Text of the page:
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austerity impact

Mentally ill prison inmates denied drugs, say prison medics

Interior Ministry cutbacks mean doctors must seek approval for treatment, despite 45-percent rate of illness among convicts

Prison doctors say that mentally ill prison inmates are being denied one of the most commonly used medications because of budget cuts to the penitentiary health system. Since March 26, physicians can no longer prescribe pregabalin without special permission. This drug is commonly used to treat anxiety disorders caused by conditions such as drug addiction.

Now, doctors are sending in their written requests to the secretary general of Penitentiary Institutions, but "90 percent of requests are being denied," according to the Spanish Society for Penitentiary Health.

Over 45 percent of the 75,000 inmates serving time in Spanish prisons suffer from some form of mental illness, according to a 2011 joint report by this group and the Spanish Association of Neuropsychiatry. This study states that the most common condition is caused by drug use (76.2 percent), followed by general anxiety disorder (45.3 percent). In both cases, treatment with pregabalin is often "the one that guarantees the best results by far," says Antonio López Burgos, president of the Spanish Society of Penitentiary Medicine.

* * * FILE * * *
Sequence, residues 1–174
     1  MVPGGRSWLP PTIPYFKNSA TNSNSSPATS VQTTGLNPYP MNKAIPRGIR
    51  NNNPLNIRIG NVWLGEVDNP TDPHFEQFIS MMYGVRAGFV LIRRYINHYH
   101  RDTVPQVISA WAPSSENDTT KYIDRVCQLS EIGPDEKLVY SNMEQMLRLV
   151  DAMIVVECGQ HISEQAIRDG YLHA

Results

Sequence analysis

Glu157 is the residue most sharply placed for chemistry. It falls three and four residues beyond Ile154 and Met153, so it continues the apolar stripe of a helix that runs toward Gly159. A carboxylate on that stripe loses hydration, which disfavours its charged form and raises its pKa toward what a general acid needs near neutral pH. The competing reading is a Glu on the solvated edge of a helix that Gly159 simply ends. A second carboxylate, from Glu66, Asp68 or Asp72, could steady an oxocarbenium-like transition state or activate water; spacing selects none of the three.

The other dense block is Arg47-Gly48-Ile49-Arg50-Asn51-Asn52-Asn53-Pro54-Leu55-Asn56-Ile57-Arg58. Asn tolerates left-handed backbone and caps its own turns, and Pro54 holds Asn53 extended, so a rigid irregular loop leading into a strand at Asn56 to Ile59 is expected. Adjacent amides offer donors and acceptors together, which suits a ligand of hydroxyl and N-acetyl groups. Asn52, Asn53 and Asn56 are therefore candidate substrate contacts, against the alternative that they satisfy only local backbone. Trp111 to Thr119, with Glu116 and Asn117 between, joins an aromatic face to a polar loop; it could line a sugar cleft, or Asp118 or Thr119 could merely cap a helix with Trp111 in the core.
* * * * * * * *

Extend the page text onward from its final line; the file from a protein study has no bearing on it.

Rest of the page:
The price of the treatment is around one euro a day per inmate, and until now doctors were prescribing it to hundreds of patients with epilepsy, neuropathic pain or general anxiety disorder. It is this last condition that the government is refusing to treat with pregabalin "in the vast majority of cases" ever since the Interior Ministry imposed the need for special permission.

A spokesman for Penitentiary Institutions said the same procedure is used for many drugs in most regions, and that it is part of a drive to cut annual medication costs in excess of 35 million euros. "The goal is for everyone who needs medication to get it, but for those who don't need it not to get it."